New Year, New Age: the SECURE Act Increases the Required Minimum Distribution Age to 72

On December 20, 2019, President Trump signed the Further Consolidated Appropriations Act, 2020, a spending bill that includes the Setting Every Community Up for Retirement Enhancement Act of 2019 (the “SECURE Act”).  The SECURE Act initially passed the House in May, as discussed in our S&W Benefits Blog “The SECURE Act – A Primer on the top Six SECURE Act Changes that could be coming to Retirement Plans Next Year”, but fizzled out in the Senate.  The SECURE Act was later added to the Further Consolidated Appropriations Act, 2020, which passed Congress and was sent to the White House on December 19. Read More ›

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Enjoy the End of the Decade with Some Employee Benefit Plan Checklists

Each year, we publish health and welfare, cost-of-living, qualified retirement plan, and executive compensation plan checklists to help individuals and employers stay apprised of updates to the law of employee benefits.  We just published the last of these annual checklists.  In case you missed them, the links are below.

Happy Holidays!

2019 End of Year Plan Sponsor “To Do” List (Part 1) Health & Welfare

2019 End of Year Plan Sponsor “To Do” List (Part 2) Annual Cost of Living Adjustments

2019 End of Year Plan Sponsor “To Do” List (Part 3) Qualified Retirement Plans

2019 End of Year Plan Sponsor “To Do” List (Part 4) Executive Compensation

 

  Read More ›

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IRS Publishes 2019 Required Amendments List

In our 2019 End of Year Plan Sponsor “To Do” List (Part 3) Qualified Plans, we suggested that sponsors of all qualified retirement plans should be on the lookout for the Internal Revenue Service’s (“IRS”) 2019 Required Amendments List (“2019 RA List”).  The IRS recently published Notice 2019-64, which contains the 2019 RA List, https://www.irs.gov/pub/irs-drop/n-19-64.pdf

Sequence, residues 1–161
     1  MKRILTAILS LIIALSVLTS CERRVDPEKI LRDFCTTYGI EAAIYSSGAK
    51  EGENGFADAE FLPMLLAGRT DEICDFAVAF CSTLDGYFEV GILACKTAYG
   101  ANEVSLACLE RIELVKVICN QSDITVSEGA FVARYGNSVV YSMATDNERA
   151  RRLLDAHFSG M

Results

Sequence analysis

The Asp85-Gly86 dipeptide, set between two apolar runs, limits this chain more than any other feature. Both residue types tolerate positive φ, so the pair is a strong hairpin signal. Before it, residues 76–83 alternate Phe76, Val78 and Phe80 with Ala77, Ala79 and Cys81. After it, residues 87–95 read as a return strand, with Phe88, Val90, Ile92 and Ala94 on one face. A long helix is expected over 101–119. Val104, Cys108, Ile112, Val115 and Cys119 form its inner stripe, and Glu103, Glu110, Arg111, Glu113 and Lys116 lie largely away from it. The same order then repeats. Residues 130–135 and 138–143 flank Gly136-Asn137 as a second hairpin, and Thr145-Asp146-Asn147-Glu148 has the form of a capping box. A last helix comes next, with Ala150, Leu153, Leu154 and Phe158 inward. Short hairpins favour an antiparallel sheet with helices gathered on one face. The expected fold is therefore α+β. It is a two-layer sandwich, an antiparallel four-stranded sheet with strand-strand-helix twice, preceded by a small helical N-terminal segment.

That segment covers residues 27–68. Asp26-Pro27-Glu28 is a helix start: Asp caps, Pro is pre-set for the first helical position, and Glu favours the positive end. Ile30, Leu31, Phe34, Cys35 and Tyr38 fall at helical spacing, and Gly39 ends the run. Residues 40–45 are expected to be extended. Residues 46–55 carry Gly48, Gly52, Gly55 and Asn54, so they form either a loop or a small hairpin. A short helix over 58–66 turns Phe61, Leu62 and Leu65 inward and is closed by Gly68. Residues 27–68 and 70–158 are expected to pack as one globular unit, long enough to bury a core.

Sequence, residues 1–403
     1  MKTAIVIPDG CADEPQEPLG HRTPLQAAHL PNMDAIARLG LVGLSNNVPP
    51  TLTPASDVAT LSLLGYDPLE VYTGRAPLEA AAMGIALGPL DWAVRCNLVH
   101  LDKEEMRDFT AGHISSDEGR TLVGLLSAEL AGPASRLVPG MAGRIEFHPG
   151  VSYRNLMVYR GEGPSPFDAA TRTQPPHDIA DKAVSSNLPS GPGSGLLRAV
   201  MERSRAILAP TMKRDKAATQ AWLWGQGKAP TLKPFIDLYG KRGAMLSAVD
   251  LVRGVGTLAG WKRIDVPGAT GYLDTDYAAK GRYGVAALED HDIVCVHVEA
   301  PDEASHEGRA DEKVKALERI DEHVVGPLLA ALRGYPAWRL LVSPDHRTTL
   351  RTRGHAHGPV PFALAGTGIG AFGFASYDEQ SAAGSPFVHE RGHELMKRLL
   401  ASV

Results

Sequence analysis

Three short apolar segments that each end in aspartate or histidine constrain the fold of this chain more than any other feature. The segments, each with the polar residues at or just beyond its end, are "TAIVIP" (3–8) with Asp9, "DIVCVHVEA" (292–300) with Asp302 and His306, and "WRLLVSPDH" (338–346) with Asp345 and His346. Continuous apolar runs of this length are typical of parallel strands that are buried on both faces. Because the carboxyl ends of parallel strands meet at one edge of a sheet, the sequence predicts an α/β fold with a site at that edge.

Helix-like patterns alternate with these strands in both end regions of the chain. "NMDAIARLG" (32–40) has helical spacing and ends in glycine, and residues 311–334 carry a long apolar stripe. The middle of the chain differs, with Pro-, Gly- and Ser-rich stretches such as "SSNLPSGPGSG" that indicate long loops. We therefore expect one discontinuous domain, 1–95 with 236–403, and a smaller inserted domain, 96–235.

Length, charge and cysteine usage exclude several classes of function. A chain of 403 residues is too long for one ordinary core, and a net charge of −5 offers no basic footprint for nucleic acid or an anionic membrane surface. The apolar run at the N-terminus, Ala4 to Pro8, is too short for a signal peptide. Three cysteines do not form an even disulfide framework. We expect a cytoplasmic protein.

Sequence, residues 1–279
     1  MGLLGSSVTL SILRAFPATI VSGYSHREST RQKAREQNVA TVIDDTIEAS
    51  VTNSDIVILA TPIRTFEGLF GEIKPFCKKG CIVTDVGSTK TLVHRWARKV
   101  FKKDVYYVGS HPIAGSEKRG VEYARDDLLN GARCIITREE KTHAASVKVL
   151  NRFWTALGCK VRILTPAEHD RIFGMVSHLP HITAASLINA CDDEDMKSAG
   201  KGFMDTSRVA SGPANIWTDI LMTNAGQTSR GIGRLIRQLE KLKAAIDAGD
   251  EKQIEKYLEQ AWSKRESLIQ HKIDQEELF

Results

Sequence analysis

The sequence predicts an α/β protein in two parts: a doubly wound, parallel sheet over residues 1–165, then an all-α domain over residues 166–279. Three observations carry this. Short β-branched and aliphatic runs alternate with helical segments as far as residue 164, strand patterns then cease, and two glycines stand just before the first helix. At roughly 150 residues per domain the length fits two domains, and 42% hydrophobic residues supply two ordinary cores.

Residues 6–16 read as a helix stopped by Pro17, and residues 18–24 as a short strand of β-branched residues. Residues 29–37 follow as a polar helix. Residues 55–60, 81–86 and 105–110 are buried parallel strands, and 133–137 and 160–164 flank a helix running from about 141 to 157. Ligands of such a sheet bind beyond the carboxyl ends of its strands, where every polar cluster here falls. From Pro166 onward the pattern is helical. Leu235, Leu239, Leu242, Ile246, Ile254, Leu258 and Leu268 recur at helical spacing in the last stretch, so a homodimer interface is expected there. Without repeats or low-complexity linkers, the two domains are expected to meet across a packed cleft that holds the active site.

Part A of the 2019 RA List addresses changes in qualification requirements that require amendments to most plans (or to the types impacted by the change).  The 2019 RA List contains two changes in Part A:  those required by final regulations regarding hardship distributions and those required by final regulations regarding collectively bargained cash balance/hybrid defined benefit plans.  Read More ›

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IRS Issues Final Regulations for Hardship Distributions

We previously reported on the Bipartisan Budget Act (the “Budget Act”) hardship distribution rule changes for qualified retirement plans. On September 23, 2019, the IRS issued final regulations implementing certain statutory changes to the hardship distributions rules, including those required by the Budget Act. The final regulations closely track the proposed regulations issued in November 2018. The following are some of the more significant changes implemented by the final regulations:

  • Employers must remove the six-month suspension of a participant’s plan contributions following a hardship distribution occurring on or after January 1, 2020.
  • Participants may receive a hardship distribution without first requesting a loan from the plan. 
Read More ›
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Potential $2.4 Billion and Countless Trees Saved – Department of Labor’s Proposed Rule on Electronic Disclosure for Retirement Plans

The Department of Labor recently issued a proposed rule that allows certain retirement plan disclosures to be posted online, rather than requiring such disclosures to be printed and mailed. The Department of Labor anticipates this rule, if finalized, would save plan sponsors $2.4 billion over the next ten years. The rule is currently in proposed form and will not become effective until 60 days after the final rule is published. As such, plan sponsors may not rely on this proposed rule now.

Current Electronic Disclosure Requirements

In 2002, the Department of Labor issued a safe harbor for the use of electronic media. Read More ›

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ISS Expands List of Egregious Equity Plan Factors